Because there was no Ninth Circuit precedent and the courts in other jurisdictions were divided on how to interpret the “common carrier” exemption, the District Court allowed AT&T to immediately appeal the decision.

The inversion of the ninth circuit

The Ninth Circuit backed down, arguing that “AT&T is excluded from Section 5 coverage.”

Unlike the District Court, the panel found that the plain language of the exemption for “common carriers subject to laws to regulate commerce” compelled the conclusion that the exemption was based on a company’s status as a regulated common carrier, not on the particular shares in question. Conversely, the panel noted that a further exemption for “livestock packers and warehouses” is expressly limited to “…companies to the extent that they are subjects the Packers and Stockyards Act of 1921″ and, therefore, an “activity” based exemption.

The Ninth Circuit also rejected the District Court’s and FTC’s analysis of legislative history and precedent regarding the “common carrier” and “Packers and Stockyards” exemptions. The panel’s conclusion was that Congress knew how to describe an activity-based exemption (the Packers and Stockyards exemption) when it intended to enact one.

Finally, the panel found that the language and structure of Section 5 was so clear as to overcome any deference to which the FTC’s interpretation might otherwise be due. Indeed, the court noted that it was not even persuaded by a FCC-FTC Consumer Protection Memorandum of Understanding 2015which states that “the agencies express their belief that the scope of the common carrier exemption in the FTC Act does not preclude the FTC from engaging in non-common carrier activities performed by common carriers.”

Potential implications

Assuming the panel’s decision is not changed or reversed on bank or by the Supreme Court, l AT&T Mobility The decision has implications far beyond the alleged “bottleneck” of mobile broadband. Among the potential implications are:

  • Any company that supplies Anyone “Common carrier” services governed by the Communications Act may be deemed to have “common carrier” status for the purposes of Section 5 exemption. (Note however that the panel stated that “the acquisition of a minor division the firm’s core activities that generate a small fraction of its revenues” should not bring the entire firm within the common carrier exemption.)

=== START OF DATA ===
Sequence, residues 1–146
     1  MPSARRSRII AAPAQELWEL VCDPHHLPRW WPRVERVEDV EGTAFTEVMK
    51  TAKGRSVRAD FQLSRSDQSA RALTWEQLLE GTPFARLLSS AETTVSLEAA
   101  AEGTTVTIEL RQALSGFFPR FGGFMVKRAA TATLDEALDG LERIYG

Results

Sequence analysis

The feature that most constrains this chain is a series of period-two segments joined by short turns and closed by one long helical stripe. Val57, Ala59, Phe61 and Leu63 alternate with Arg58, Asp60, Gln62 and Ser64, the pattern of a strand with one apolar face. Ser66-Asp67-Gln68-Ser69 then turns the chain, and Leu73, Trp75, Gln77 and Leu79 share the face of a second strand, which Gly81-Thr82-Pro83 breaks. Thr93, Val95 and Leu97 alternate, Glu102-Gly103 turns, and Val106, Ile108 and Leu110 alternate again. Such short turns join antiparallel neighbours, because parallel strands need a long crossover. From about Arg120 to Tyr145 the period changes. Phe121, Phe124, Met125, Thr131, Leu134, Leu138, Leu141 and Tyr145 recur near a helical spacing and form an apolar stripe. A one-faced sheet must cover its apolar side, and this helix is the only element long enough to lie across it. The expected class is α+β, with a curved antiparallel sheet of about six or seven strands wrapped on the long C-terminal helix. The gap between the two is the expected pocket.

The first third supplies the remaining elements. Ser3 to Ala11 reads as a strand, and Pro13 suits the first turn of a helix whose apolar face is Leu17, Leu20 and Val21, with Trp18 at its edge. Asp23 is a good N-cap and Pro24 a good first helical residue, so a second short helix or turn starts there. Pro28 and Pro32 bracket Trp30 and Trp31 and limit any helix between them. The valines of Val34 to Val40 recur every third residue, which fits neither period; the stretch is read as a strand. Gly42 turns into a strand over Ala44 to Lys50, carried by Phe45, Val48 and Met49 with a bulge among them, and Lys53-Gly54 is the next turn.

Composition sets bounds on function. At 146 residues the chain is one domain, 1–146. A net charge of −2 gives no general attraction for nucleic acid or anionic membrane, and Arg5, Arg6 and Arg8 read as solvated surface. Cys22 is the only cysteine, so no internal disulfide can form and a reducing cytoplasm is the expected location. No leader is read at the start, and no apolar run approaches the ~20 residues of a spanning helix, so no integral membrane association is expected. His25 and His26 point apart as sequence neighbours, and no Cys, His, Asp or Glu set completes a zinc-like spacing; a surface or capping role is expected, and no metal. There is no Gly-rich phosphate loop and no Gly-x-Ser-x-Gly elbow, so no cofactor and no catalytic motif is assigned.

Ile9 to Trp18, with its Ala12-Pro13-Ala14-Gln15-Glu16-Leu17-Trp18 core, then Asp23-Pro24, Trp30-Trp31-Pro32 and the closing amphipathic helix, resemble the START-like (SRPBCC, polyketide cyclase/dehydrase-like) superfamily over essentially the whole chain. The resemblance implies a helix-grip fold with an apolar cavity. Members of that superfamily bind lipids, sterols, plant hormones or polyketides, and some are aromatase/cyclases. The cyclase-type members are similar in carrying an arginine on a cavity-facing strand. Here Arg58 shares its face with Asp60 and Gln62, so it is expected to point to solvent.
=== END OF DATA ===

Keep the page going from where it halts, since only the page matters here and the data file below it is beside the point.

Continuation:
• The exemption would take such businesses out of section 5 per All aspects of their business, not just common carrier broadband services. This could mean, for example, that cable companies and others could be fully exempt from section 5, even for non-broadband services such as linear television, video on demand and set-top box rental.
  • A Section 5 exemption prohibits the FTC from both its consumer protection role AND its antitrust role, an area in which the FTC has recently taken a more aggressive stance.
  • Although the FCC is now regulating broadband as a common carrier, its powers are not identical to those of the FTC. For example, the FCC does not have the authority to seek refunds for customers and has a more limited “cooling off” period to challenge the conduct. In practice, even the FCC is simply newer on these issues and roles.
  • A conclusion that an entity as a whole is exempt from section 5 as a common carrier does Not it means that the entity as a whole will then be regulated as a common carrier elsewhere. For example, common carrier regulations under the Communications Act trigger the particular activity in question. Thus, a service may be exempt from section 5 because it is offered by a common carrier, but Not be subject to any common carrier regulations by the FCC.